Bishop Memorial Chapel, the official church of the Kamehameha Schools was organized in 1908 and established a relationship with the Hawaii Conference, United Church of Christ. Sabbath services have been officiated on our campus since day one. The office of the Chaplain was established in 1898 and has been a reality since.
Our first Chapel building was on the grounds of what is known as Farrington High School today. It was near the lobby of the auditorium. It was built in 1897 by Charles Reed Bishop in honor and memory of his wife, Bernice Pauahi Bishop.
December 19, 1897. The chapel dedication took place on the sixty-sixth anniversary of Bernice Pauahi Bishop’s birth. KS scholars, teachers, administrators and community representatives filled the whole building. Ferns, asters and Hawaiian flags decorated the interior. The Reverend H. H. Parker, pastor of Kawaiaha‘o church, preached a sermon based on Matthew 7:24-28. ‘Everyone therefore which heareth these words of mind and doeth them shall be likened unto a wise man which built his house upon the rock.’ The singing of the KS student body and the trained choir directed by Cordelia Clymer was deemed fine by a local newspaper. That evening, a musicale with singing, recitation and responsive reading was held in the chapel at 7:30 p.m. ‘Praise God from Whom All Blessings Flow’ was the theme.
September 11, 1938. The Kamehameha ‘ohana held its final church service in the Chapel. After four decades of use, the preparatory department buildings and the surrounding land were purchased by the Territory of Hawai‘i for the Wallace R. Farrington High School.
The campus was moved in the 1930’s from the grounds of what we know as Bishop Museum into the hills of Kapālama. We used Ke‘elikōlani Auditorium on the campus as our Chapel. In celebration of our 100th year as a school, we built our second Bishop Memorial Chapel to allow us to reaffirm our rich Christian heritage. In other words, Christian education and worship shall always be a part of the total learning experience here at Kamehameha Schools.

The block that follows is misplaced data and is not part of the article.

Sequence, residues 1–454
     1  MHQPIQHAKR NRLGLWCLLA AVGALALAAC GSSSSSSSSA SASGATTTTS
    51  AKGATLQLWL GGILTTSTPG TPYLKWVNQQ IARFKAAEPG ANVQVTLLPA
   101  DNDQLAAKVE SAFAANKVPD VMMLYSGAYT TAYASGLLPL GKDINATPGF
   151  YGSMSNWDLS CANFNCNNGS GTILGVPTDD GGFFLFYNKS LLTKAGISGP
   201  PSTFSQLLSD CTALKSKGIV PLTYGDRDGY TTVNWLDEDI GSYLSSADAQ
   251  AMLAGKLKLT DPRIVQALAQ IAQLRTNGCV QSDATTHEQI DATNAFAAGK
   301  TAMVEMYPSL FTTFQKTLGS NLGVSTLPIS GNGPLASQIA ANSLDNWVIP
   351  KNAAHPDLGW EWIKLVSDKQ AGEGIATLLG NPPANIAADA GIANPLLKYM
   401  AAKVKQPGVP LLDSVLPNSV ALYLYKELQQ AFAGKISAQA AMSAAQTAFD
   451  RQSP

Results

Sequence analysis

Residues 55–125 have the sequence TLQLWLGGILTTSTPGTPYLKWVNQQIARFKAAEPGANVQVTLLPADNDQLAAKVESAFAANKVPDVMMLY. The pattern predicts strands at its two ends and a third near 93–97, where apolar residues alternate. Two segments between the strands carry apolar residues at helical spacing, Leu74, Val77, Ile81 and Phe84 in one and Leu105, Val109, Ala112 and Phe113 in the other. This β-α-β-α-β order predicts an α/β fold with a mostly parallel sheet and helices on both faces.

Nui ke aloha O Pauahi ke Akua, kona po‘e Hawai‘i
(Great was Pauahi’s love for God and the Hawaiian people, whom she served)
The Kamehameha Schools is an educational institution endowed through the Last Will and Testament of Princess Bernice Pauahi Bishop. Pauahi was a devout believer of Jesus Christ and a faithful and compassionate leader of her Hawaiian people. Her life exemplified Christian and Hawaiian values.
When Pauahi was born, her father, Abner Paki planted a Tamarind tree in the yard, but placed Pauahi’s ‘iewe (afterbirth) in the ground first to supply nourishment to that tree. This was located in the center of downtown Honolulu at the corner of King St. and Bishop St. This is where the family home was located, and when the city wanted to build the road into downtown, they asked Mr. Bishop for part of his yard, and named the street after them-Bishop St. Across the street is Tamarind Park (all the trees in the park) and across the street is First Hawaiian Bank, the bank that Charles Reed Bishop founded.
Pauahi attended the Royal School and loved music, painting, gardening, horseback riding, reading, history and was an excellent writer, too. On Sundays they would attend Kawaiaha‘o church, which eventually became the home church of Princess Pauahi.
Not only did she sing in the choir, she also led it for a while. She was not only a student in the Sunday School, but she was a teacher as well. There is a story that is told that one day a call came into the pastor to go and visit a man and his family. The father was not doing so well. When the pastor got to the house, Pauahi was already cooking a meal in the kitchen for the family. She was a true servant of God.
The Will of Princess Pauahi is very important to the school. It gives us our marching orders and gives us direction. Pauahi actually named the school as printed in the Will, “to erect and maintain in the Hawaiian Islands two schools, each for boarding and day scholars, one for boys and one for girls, to be known as, and called the Kamehameha Schools.”
There are two characteristics that Pauahi defined as important for the students.
“I desire my trustees to provide first and chiefly a good education in the common English branches, and also instruction in morals and in such useful knowledge as may tend to make good and industrious men and women; and I desire instruction in the higher branches to be subsidiary to the foregoing objects.”
She directs that the adults whom would be giving that good moral character teaching should come from a Christian foundation. She said, “I also direct that the teachers of said schools shall forever be persons of the Protestant religion, but I do not intend that the choice should be restricted to persons of any particular sect of Protestants.”